Monday, November 18, 2013


I have always felt the best way to see a country is on foot, you actually get right amongst the people, hear the sounds, breathe in the smells, soak up the atmosphere, instead of catching glimpses as your tour bus hurtles past, racing to meet the deadline for the next five minute photo stop. I have just spent the past 8 days seeing Sri Lanka at its best, walking 250km with Sir Ian Botham and his crew, raising funds for The Foundation of Goodness and Laureus for Sports Foundation.

That 250 doesn't include all the rest of the kilometers I put into training, walking practically every street of Colombo in the preceding months. When we drive somewhere on the weekend my husband would question as to how I knew my way around so well, my answer would invariably be " Oh I've walked this way " .

Each day on my training walks I would always see something that would bring a smile to my face, or something that I would stop and think "Well that's different".

There's the man who sets up his personal Starbucks coffee shop on the side of the road each day, instead of selling coffee, its warm gruel that is ladled into the tin mugs and handed over to the morning commuters. There are always a dozen or more people standing around drinking their morning tonic,
enjoying the cool start before the sun begins its relentless march into the sky. They chat or just watch the world go by taking a few minutes before cramming themselves into the over crowded buses to start their day, just as we in the western world clutch  paper cups filled with our caffeine hit. They pull up on motorbikes or stop on their morning walk.

I've watched the man at the little corner store, which is really nothing more than a wooden shack wave his long handled pan filled with burning coals. The smoke fills his store  warding away evil spirits before he commences business for the day. There are no shiny shelves or soft lighting to showcase his wares, just upturned wooden crates to hold his merchandise,  and a single bulb to light his store. Still, he has what his customers are looking for and he always touches his left wrist with his right hand as he passes me my change from the bottle of water I buy from him each day. It took me a little while to pick up on this gesture. I first noticed it when our driver would give me the change after buying the morning newspapers. I asked David why he always held  his arm that way, then I noticed it again when the young girl at the local supermarket made the same gesture. Apparently this is a sign of respect to the customer, it can be as subtle as the tip of their  right finger  brushing their left forearm, as the change is held out in their left hand, right down to grasping their entire left wrist. I now look for the gesture each time and am slightly disappointed if I don't see it. I tell my husband I cant wait until the restaurant is open, so when I am returning change to our customers I can do the same. I suppose it is no coincidence that I have yet to see the staff at KFC or McDonald's use this traditional custom. It probably disappeared years ago in their pursuit of westernization.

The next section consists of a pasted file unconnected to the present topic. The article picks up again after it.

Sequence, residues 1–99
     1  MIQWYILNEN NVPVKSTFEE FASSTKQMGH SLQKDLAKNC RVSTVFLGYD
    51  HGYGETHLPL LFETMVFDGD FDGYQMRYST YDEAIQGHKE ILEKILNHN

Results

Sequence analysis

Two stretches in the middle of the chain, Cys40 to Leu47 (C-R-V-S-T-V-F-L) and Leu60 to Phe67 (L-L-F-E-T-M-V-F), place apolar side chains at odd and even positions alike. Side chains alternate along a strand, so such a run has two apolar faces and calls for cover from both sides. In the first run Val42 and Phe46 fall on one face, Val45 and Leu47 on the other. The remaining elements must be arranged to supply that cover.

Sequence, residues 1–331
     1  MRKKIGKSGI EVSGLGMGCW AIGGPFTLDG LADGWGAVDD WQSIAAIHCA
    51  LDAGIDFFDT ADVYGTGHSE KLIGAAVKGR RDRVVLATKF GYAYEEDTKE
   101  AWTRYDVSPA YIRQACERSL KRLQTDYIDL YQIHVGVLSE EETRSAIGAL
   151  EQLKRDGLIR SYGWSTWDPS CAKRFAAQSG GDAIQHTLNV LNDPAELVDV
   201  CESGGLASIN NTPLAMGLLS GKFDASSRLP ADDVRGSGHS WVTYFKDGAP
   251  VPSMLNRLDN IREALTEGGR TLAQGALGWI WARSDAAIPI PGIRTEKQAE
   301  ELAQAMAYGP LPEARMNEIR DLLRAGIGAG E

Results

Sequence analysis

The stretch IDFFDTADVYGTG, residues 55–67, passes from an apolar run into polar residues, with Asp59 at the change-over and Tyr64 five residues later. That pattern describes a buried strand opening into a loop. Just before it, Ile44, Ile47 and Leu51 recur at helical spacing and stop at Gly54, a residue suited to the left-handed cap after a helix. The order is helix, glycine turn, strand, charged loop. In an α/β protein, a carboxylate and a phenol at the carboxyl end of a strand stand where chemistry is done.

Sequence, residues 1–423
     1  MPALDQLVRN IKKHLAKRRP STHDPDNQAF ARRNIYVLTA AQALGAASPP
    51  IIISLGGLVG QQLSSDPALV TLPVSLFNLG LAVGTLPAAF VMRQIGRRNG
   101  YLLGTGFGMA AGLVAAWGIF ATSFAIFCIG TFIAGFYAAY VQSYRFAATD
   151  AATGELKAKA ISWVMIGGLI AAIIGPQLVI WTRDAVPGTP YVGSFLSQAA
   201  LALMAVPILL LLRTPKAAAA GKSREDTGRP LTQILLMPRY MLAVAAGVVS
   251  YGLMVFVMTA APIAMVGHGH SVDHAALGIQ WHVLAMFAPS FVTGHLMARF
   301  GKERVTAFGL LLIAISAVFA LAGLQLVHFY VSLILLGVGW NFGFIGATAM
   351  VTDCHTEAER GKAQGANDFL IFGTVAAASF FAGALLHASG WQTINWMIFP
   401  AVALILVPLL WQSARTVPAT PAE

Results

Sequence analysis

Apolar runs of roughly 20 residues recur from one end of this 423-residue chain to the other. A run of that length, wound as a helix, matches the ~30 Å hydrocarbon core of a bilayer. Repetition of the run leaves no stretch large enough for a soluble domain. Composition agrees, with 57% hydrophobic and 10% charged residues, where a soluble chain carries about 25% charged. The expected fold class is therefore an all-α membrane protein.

Each day I see  the family of cows on Thalakottowa Road that  take their place in the bus stop, either sheltering from the sun or the rain, then casually stroll down the center of the road at 5.30pm, oblivious to the evening traffic having to weave  around them as they make their way home. I've watched the man on his bike with a board attached to the front filled with lottery tickets, selling the chance to live a dream for 5 rupees. He should have retired years ago but when a country has no pension scheme you need to keep working to put food on the table.

I would stop and talk to Nimal, the man who spends his life feeding the stray dogs that wander the streets. Each day I see him parked on the side of the road in his battered pick up truck, filling dozens of bowls from a huge pot filled with  25 kilos of red rice and cooked meat scraps. It took me a few weeks before I finally stopped and asked him his story.  I watched one day as he drove up, dozens of dogs running beside him knowing they were about to be fed. He was a softly spoken man and I liked him immediately, he has no job, no family and probably little for himself but it makes him happy to care for these strays. He relies on donations to buy the food and because he didn't ask me for money, something a lot of people here are not shy to do, I gave him what I had in my pocket. I wonder what he must think about the newspaper reports that the council are rounding up all the strays before CHOGM commences. It is said the dogs are being "re-housed", but in a country that has trouble housing it's own citizens, its one of those phrases that makes you go.. Mmmm